One day I felt too old Playmobile pirate ships in puddles, for snail races and hide-and-seek in an area that only offered two hiding places anyhow. My sister sulked and cried. She called it deceit. I called it growing up.
Today, I sometimes look back wistfully. My sister and I never got along as well as we did in our childhood. Puberty can be cruel.

What were your prompts?: crocus photo, deceit, wistful

by Rut Neuschäfer

Berry Picking

It was late August and the evenings were still long. The air in these years is fresh and pure, mottled only with the playfulness of imagination, a flickering light of primary colours; that melody, that lovely  paradox of possibility and infinite security. I’m not sure how old I am, maybe nine, maybe ten; maybe even seven. I think I have plaits in my hair: blonde messy plaits with grass and leaves caught in them, as if I were some kind of woodland creature. I run and spin around a lot, my breath always caught in the dizzying air. Me and my limbs like climbing trees. I reach for branches with my arms; my thin fingers cling to them with earthy nails.

My cousins are here and we’re playing a game. There’s an old rowan tree at the back of our garden, which sucks all the light in the morning then bounces it back towards afternoon. Since it’s nearly September, the tree is rich in an abundance of vivid red berries, gleaming like the eyes of so many children. But to our eyes, they are precious and lovely as rubies. We are pirates, plundering treasure. We are climbing the tree and picking them – every last one – and tossing them in a bucket we’ve found in the shed. I remember the shed so clearly. The shed smells sweetly of sawdust, and that rainy, swampy scent of wet grass that comes from the lawnmower. Sometimes we sit in there, in the stuffy warmth, amongst the buckets and spades and gardening tools, and swap made-up stories.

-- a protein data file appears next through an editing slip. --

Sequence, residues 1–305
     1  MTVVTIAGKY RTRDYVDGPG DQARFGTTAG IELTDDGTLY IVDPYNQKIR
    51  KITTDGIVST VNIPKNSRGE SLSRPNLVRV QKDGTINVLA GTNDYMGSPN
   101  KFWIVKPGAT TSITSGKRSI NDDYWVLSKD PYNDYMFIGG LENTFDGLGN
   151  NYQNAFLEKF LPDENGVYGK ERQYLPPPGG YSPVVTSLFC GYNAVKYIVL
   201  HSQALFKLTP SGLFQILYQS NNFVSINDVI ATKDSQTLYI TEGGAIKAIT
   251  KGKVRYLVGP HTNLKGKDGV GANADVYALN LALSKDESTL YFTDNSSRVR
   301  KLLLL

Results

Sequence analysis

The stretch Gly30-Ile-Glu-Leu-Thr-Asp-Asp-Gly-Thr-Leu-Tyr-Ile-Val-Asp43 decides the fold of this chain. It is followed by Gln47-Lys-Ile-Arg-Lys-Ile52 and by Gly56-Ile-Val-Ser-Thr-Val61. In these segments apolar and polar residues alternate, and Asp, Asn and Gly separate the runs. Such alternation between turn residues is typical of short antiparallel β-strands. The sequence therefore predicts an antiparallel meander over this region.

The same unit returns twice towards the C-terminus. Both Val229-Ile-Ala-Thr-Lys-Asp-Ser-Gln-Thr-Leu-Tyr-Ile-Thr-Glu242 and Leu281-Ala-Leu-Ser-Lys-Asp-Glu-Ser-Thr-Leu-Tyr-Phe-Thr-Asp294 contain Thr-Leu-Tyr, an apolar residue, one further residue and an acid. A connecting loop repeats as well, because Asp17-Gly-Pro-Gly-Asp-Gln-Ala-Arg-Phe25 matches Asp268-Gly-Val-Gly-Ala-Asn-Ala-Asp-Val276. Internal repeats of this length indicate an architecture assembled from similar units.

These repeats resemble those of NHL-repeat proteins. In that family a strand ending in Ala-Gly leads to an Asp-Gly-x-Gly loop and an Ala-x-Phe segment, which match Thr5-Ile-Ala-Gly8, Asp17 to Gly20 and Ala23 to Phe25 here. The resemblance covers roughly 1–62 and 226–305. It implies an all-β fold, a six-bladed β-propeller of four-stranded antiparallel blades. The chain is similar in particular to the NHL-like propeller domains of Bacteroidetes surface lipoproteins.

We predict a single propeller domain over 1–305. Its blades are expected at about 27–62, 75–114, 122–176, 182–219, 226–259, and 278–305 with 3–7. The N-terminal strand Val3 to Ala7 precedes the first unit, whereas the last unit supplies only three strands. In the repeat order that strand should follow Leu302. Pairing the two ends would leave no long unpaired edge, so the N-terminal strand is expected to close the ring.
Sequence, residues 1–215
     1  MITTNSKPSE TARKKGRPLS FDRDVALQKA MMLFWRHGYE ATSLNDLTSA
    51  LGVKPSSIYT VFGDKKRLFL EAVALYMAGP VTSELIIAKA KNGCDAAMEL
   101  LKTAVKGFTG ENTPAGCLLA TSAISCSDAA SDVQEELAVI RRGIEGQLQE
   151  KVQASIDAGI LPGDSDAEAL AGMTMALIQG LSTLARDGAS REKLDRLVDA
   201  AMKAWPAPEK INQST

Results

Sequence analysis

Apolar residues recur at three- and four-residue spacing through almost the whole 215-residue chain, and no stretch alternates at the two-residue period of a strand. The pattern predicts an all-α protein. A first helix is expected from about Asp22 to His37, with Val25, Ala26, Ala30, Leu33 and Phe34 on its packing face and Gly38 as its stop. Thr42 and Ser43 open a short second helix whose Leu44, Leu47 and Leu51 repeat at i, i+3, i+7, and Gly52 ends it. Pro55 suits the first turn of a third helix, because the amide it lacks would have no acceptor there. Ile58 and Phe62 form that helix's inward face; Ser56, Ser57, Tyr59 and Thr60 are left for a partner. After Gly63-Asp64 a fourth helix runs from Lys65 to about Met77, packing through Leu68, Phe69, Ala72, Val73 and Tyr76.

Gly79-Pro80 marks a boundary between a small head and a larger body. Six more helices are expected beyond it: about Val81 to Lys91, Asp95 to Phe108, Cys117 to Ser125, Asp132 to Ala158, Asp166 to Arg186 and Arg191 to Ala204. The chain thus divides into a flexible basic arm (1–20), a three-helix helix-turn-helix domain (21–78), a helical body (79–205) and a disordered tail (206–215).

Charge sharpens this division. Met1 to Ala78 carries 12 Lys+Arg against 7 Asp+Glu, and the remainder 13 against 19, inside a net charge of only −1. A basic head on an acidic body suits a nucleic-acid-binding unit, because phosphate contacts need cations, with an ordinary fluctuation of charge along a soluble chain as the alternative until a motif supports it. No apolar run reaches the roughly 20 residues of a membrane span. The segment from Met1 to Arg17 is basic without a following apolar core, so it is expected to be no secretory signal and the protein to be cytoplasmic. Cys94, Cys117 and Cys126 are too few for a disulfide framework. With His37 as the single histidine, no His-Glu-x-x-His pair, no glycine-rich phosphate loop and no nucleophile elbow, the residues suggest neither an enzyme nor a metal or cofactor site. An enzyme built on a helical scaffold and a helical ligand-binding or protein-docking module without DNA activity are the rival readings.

No time exists in these summer evenings; only the bubbles of our laughter and the slow-changing light. The way our skin glows pale and moonlike as it grows darker. The way our voices float upwards, swallowed by a sea of stars.

We’ve cleared most of the tree now; its branches are bare of berries – left only with green. A green that blurs at the edges, that makes our spirits shimmer. The four of us stand at the foot of the tree, admiring our handiwork. The bucket is almost full.

‘But I can still see some up there!’ someone says. We look up and there are several handfuls still clutching the branches at the top of the tree. We wonder who will be brave enough. The boys step back kicking their feet. I am the oldest; by nature, it will be me.

I climb with ease, with my young sweeping limbs. No looking down. No fear, no notion of falling. My vision is confined to the enticement of those scarlet fruits above me.

And soon I am there, waving my arms triumphantly. I pluck the berries and toss their clusters down to the ground. They fall fast in bloodied, godlike rain. From up here I can see the whole town: what seems like a thousand rooftops rendered magical in the purplish twilight. An atmosphere that pulls at my brain. A moon emerging from a murky horizon, the church steeple thin and eerie against a backdrop of silken clouds. It is all wonder, a view that somehow contains me in its pocket of time. I shake as I finally break away and climb back down.

My cousins hug me as I become the day’s heroine. A whole tree, stripped clean. A child’s harvest of earliest autumn.

My mother calls us inside, but we do not listen. The air is still warm, the light now sparkling with summery darkness. One of us goes to retrieve a potato masher, and we stand round our bucket, our cauldron, like little witches. We take turns to smash the overflow of berries, passing the masher round, watching the red drip and slush and seep as we crush vehemently. Are we making a potion, a poison? Performing mystical rites? Brewing our own bittersweet jam, with its distinct tartness that pierces the tongue and waters the eyes?

We are concocting a tonic for time: for the long hours that melt and fade as we grow and change and lose the clarity of innocence, of childish sight. We relish something tangible and bright.

by Maria Sledmere

Prompts: childhood, potion